I like a higher yield in my investments because I always reinvest my dividends, and when the market goes down, a higher yield actually forces more re-investments into the fund.

Of course, there are a ton more alternatives, but for now, check out these suggestions and we can share more as your portfolio grows.

Disclaimer: Obviously, these suggestions are based on my own personal opinion and should not be mistaken as financial advice you could receive from a financial professional. This is especially true, given that they can look at your particular situation in detail and provide a strategy that is custom tailored for your needs. Before you go ahead and invest in any of these, make sure you do your own research.

Note: Want your questions answered? Join others in submitting them by contacting me and we can talk about your money dilemma.

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{ read the comments below or add one }

  • Chris says:

    My vote for short term investments goes to an online savings account for sure. I agree that bonds will have some tough times ahead, if not the fact that there are record inflows into that investment class.

  • CD Rates Blog says:

    I’m a CD guy. Although I wouldn’t put long-term savings in a longer-term CD at this point unless:
    1) The CD has a low early withdrawal penalty.
    2) You have a good ladder already
    Rates will go up at some point and you don’t want to lock in low rates when we are about at the bottom.
    3) The CD has a bump-option. I’ve seen some 2Y and 3Y CDs with decent rates that have bump-options. That way when rates move up you can move the rate up on the CD.

    cd :O)

    • MoneyNing says:

      While I was writing this post, I thought about the concept of CD ladders, and couldn’t bring myself to write it down as a recommendation. It seemed like a good way to get money coming in, but why is the thought of having money coming every 3 months a good thing?

      I mean, if I’m retired and need income, then a periodic cash influx works like an paycheck, so this is good. However, for most people, isn’t the need for cash either now or some time in the unpredictable future? How does having money due once a year help? And if it doesn’t help, why am I giving up long term growth potential to invest in a CD ladder?

      Of course, CD ladders seem like a good solution for a small part of your portfolio, but for many, it’s MOST of their savings. This conservative approach may work for some instances in time, but it probably doesn’t in my honest opinion.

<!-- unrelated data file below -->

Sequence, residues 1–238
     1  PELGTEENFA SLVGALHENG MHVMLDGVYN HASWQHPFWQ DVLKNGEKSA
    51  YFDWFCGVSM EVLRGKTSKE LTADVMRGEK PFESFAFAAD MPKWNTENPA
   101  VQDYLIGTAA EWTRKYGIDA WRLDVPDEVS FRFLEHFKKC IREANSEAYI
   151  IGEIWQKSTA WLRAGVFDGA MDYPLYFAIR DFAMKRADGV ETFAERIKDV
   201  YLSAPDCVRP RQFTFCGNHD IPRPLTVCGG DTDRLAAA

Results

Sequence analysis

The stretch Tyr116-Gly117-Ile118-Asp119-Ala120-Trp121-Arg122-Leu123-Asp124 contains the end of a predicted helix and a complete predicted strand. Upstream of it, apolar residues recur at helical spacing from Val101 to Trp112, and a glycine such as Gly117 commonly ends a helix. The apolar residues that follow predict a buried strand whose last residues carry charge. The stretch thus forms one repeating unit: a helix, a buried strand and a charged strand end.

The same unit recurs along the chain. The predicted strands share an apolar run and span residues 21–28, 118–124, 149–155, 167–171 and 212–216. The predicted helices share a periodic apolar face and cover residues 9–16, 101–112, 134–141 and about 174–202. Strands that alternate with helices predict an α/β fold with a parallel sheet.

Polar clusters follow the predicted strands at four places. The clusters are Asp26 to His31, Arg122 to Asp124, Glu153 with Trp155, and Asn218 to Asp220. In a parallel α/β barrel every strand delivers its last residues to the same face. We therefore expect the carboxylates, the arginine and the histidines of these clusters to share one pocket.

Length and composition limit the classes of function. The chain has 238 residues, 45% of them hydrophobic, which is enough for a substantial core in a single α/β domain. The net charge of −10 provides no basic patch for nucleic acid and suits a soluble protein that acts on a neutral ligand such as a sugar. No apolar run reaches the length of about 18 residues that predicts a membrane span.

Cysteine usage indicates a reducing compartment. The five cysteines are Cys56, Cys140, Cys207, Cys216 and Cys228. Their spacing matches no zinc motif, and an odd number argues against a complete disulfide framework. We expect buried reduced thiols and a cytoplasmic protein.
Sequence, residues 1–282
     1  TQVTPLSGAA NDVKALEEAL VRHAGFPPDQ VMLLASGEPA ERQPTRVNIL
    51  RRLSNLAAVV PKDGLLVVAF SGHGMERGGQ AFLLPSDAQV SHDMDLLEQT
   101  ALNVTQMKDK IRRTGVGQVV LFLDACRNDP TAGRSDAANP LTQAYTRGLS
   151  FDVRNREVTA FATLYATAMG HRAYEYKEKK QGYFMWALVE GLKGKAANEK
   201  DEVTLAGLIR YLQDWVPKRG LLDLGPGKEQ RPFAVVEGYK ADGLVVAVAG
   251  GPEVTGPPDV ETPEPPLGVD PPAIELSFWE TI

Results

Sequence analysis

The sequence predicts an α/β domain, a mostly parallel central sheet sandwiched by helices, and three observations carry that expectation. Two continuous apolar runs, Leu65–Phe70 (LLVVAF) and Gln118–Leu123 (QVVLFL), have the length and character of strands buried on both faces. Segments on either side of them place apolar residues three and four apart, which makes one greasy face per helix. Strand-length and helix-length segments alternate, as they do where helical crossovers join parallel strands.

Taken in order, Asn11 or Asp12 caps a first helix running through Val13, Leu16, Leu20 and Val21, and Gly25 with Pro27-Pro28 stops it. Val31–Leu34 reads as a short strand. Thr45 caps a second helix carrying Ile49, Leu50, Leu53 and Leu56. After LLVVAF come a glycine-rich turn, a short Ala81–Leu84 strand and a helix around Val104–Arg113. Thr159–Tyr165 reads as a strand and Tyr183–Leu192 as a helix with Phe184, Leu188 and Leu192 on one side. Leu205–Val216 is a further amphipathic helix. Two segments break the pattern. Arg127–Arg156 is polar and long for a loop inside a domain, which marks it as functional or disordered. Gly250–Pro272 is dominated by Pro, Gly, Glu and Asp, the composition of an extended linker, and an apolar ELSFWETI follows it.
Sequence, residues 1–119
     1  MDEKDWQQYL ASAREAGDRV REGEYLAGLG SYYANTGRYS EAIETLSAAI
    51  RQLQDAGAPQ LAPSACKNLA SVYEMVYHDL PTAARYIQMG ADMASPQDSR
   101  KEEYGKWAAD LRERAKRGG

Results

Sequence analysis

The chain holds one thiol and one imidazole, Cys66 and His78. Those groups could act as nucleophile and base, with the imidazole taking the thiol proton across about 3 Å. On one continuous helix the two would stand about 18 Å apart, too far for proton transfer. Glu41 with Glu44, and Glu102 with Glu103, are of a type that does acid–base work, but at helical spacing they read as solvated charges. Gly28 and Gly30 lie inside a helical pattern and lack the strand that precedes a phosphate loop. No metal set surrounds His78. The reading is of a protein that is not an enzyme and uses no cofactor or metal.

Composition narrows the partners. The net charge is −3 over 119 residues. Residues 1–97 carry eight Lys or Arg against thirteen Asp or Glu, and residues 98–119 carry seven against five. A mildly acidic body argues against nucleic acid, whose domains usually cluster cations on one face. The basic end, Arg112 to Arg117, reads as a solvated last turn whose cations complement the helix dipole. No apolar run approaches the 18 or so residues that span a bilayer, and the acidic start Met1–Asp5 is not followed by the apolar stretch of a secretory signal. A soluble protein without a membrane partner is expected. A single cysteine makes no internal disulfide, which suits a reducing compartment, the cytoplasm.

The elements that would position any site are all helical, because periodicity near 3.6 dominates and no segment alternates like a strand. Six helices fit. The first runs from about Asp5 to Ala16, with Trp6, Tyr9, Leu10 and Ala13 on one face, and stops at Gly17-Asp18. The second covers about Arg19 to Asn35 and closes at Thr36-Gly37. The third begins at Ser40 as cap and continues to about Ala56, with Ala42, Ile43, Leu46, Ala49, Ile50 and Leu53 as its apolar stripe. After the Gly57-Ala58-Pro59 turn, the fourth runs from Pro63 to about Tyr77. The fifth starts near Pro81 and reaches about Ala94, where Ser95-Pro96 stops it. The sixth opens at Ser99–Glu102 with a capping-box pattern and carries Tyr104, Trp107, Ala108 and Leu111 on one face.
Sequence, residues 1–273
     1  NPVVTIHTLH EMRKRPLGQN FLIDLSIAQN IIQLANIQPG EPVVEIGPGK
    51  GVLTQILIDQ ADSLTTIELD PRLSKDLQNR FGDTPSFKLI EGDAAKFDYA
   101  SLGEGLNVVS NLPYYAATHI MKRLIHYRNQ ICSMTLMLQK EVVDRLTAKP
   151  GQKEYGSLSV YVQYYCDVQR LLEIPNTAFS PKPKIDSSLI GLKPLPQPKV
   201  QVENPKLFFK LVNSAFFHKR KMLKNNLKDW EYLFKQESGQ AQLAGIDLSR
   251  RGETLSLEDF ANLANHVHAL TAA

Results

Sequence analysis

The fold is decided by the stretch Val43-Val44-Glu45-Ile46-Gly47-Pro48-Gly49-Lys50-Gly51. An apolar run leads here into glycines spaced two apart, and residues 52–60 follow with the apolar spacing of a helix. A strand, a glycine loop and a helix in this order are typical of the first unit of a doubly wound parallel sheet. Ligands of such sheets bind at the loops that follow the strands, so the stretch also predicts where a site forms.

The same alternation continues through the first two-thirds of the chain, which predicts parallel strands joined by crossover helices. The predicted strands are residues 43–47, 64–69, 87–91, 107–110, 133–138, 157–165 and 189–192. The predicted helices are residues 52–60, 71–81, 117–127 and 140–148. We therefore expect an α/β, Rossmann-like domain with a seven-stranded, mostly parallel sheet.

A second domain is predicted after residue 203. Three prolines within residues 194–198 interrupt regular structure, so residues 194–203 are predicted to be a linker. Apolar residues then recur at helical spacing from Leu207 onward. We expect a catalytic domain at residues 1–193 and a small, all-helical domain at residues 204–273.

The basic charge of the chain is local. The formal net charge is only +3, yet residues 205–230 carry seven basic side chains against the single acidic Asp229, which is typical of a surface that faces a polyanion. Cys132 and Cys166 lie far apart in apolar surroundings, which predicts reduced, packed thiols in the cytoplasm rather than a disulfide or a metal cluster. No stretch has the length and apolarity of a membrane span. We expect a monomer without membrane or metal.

What do you think?

      • CD Rates Blog says:

        The theory behind laddering is this: Rates go up and down and there is no way to time when, what direction, and for how long. Overall, long-term CDs pay higher than shorter-term. Our data shows a difference of between 0.50% to 0.70% between 1-year CDs and 5-year CDs.

        So if you build a 5-year ladder with 1-year increments, when the CDs mature you can always purchase 5-year CDs, knowing that first, your purchase at the time will be the highest rate. Second, once a year you will have an opportunity for higher rates. Of course, rates could be lower and in that case some of your existing CDs will be paying the higher rates.

        CD Laddering is really a method to smooth out the ups and downs of rate cycles, but certainly not have your entire portfolio re-price lower when rates do decrease.

        cd :O)

  • Mason says:

    I love the SDY. You can’t really beat higher dividends, lower volatility and better growth than the S&P 500.

  • marci says:

    CD’s CAN still be very liquid IF you borrow against them. I can borrow from the bank at 2% more than the interest the CD is giving me, use that cash for whatever, and then pay back the CD loan when the CD matures. That way I incur NO penalties for early withdrawal of the CD. Yes, the interest is higher, but it is shortterm and saves the penalty. You’d need to be absolutely sure that it was essential that you have the money, but it can be done.

    So don’t discount CD’s being somewhat Liquid 🙂

    And for an instant transfer of cash, a couple clicks or a phone call and 80% of the equity in my home is available thru my already set up (in case of emergency) home equity line of credit. It doesn’t get any quicker than that – and that is now my primary emergency fund so I can keep everything else in longer term bigger interest investments. Then when the investment matures, I’ll pay off the HELOC loan. It’s at 4.99% if I were to use it.

    • MoneyNing says:

      I will definitely look into a HELOC when I actually have a house. This way, I can be a little more aggressive with my emergency fund, as I can always tap into the equity of my house if in the unfortunate case that I need it.